|Publication number||US7073835 B2|
|Application number||US 10/853,626|
|Publication date||Jul 11, 2006|
|Filing date||May 24, 2004|
|Priority date||May 24, 2004|
|Also published as||US20050258662|
|Publication number||10853626, 853626, US 7073835 B2, US 7073835B2, US-B2-7073835, US7073835 B2, US7073835B2|
|Inventors||Stephen W. Jacobs|
|Original Assignee||Cnh America Llc|
|Export Citation||BiBTeX, EndNote, RefMan|
|Patent Citations (15), Referenced by (1), Classifications (7), Legal Events (4)|
|External Links: USPTO, USPTO Assignment, Espacenet|
This invention relates generally to bale wagons, and more particularly, to an apparatus disposed between the rolling rack and the load rack of a bale wagon. The apparatus serves to precisely locate the rolling rack and to dampen the impact between the rolling rack and the load rack when they engage at the initial loading position.
It is accepted present day practice to form bales of crop materials, such as hay or the like, into stacks through the employment of an automatic bale wagon. One type of bale wagon which has achieved wide-spread commercial acceptance is the automatic bale wagon which employs the three table concept, as originally illustrated and described in U.S. Pat. No. 2,848,172 which issued to Gordon E. Grey. Many refinements have been made to the Grey bale wagon, such as those shown in U.S. Pat. No. 3,945,507. However, the basic concept has remained substantially the same.
This type of bale wagon includes a first table which successively receives bales from a bale loader or pick-up on the wagon frame and accumulates a predetermined number of bales, for example, two, being arranged end-to-end in a row. The Grey bale wagon also includes a second table which successively receives the accumulated predetermined number of bales from the first table and accumulates them in a plurality of rows, such as four, five or six rows, the plurality of rows commonly being known as a tier of bales. The second table then rotates the tier of bales 90 degrees about a horizontal axis and deposits the tier of bales in a vertical orientation on the third table. The third table, also known as the load bed, then successively receives the vertical tiers from the second table and accumulates a plurality of the tiers, for example seven, to form a stack. Once the stack has been accumulated on the load bed or third table, it may be unloaded by tilting the load bed to deposit the stack on the ground with the first tiers of bales which were previously accumulated on the second table now being the lowermost tiers of the stack in contact with the ground surface.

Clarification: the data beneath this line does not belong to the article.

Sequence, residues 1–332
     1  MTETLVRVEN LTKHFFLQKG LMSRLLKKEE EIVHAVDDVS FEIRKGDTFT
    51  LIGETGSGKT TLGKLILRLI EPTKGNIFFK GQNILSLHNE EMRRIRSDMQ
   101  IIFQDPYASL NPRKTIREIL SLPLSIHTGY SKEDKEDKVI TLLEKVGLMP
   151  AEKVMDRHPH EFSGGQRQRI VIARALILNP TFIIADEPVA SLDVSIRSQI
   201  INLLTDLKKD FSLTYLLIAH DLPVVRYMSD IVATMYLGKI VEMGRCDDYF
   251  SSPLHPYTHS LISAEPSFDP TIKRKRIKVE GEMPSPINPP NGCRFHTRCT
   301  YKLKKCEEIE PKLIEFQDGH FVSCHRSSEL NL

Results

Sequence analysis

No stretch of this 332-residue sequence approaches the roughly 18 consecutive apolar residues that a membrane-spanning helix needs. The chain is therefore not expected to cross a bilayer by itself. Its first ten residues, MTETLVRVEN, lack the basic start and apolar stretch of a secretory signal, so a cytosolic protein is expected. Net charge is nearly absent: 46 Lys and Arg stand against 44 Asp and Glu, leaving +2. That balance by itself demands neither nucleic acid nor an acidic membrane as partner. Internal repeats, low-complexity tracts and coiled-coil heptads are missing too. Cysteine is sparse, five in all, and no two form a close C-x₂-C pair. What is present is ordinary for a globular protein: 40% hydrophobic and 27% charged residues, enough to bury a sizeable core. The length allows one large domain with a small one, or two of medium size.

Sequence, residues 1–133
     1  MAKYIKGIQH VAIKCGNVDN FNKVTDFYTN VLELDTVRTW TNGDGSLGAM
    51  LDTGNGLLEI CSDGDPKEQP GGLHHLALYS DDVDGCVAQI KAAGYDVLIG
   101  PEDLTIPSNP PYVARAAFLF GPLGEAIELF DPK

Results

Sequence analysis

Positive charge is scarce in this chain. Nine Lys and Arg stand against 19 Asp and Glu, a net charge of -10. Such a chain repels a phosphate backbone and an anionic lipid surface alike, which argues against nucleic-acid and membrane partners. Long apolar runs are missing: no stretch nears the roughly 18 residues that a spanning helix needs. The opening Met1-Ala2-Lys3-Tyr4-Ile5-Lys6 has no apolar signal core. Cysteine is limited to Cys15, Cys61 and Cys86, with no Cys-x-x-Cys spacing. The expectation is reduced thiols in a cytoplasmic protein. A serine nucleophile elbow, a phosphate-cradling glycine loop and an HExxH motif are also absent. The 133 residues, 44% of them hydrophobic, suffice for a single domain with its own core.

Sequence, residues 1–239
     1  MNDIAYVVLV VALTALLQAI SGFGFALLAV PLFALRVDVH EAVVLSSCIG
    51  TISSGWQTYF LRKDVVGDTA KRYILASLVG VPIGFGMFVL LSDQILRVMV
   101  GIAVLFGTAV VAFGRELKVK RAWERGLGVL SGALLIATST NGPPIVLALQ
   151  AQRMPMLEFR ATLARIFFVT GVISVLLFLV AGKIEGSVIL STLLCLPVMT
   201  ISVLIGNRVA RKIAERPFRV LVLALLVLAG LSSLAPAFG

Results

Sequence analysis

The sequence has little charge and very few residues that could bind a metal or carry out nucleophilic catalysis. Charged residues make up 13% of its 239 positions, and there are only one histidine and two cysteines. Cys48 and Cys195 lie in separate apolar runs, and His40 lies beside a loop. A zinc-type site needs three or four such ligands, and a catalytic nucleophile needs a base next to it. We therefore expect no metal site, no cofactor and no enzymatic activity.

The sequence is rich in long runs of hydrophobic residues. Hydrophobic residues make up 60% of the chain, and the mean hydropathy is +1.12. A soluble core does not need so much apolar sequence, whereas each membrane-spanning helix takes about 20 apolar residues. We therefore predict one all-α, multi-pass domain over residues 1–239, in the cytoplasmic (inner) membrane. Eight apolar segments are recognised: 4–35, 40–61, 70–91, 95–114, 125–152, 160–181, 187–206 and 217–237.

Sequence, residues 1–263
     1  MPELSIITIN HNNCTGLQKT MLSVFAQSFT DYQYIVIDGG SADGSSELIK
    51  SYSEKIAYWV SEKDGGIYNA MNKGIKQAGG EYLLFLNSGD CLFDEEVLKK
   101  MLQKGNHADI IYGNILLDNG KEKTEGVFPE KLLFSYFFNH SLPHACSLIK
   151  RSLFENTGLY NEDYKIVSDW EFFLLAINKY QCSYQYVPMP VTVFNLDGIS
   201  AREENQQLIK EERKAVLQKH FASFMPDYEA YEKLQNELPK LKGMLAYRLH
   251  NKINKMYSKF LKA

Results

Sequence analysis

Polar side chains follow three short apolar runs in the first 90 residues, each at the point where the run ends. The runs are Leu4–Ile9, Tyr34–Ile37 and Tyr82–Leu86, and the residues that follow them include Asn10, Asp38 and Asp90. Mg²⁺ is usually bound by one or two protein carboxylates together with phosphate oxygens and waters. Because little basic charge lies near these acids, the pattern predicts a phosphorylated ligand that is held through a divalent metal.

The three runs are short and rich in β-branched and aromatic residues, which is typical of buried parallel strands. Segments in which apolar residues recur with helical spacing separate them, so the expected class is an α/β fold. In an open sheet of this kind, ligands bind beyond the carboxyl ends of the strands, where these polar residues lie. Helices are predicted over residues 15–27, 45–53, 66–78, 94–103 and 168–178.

Typically the load rack has a rolling rack that is capable of moving forwardly and rearwardly along the load bed supported by a lower end moveable within a forward to rearward channel on the load bed. The rolling rack is moved rearwardly from an initial or first position at a forward location on the load bed as each tier of the stack of bales is deposited on the load bed until the stack is fully formed. This rolling rack then supports the stack of bales as the third table is tilted to deposit the bales on the ground. The rolling rack, held in place by a cable and spring drive, or the like, is then released and returned to its original or initial position near the forward end of the load rack to repeat the process with additional bales of crop.
Return of the rolling rack to the appropriate initial position adjacent the forward end of the load bed is desirable for proper load bed operation. If the load rack is initially positioned too far forward, the bales may overhang the front edge of the load bed causing difficulty in loading subsequent tiers of bales without compressing or damaging the crop. If the load rack is initially positioned too far rearward, the tiers of bales may misalign or the bales may move relative to one another as the third bed is rotated and the stack of bales is deposited on the ground. This movement may cause damage to the rolling rack due to the shifting loads exerted on the rolling rack.
To return the rolling rack to its initial position adjacent to the forward end of the load rack, the energy stored in the spring of the cable and spring drive is released, propelling the rolling rack forward until the rolling rack slams against the front wall of the channel of the load rack. This slamming contact can result in severe wear to both the rolling rack channel walls and the metal stops on the rolling rack, and can make a loud noise upon impact.
Thus, what is sought is a new apparatus that will locate the rolling rack in its desired initial position in a predetermined spaced relation to the forward end of the load rack and cushion the impact when the rolling rack is returned to its initial position.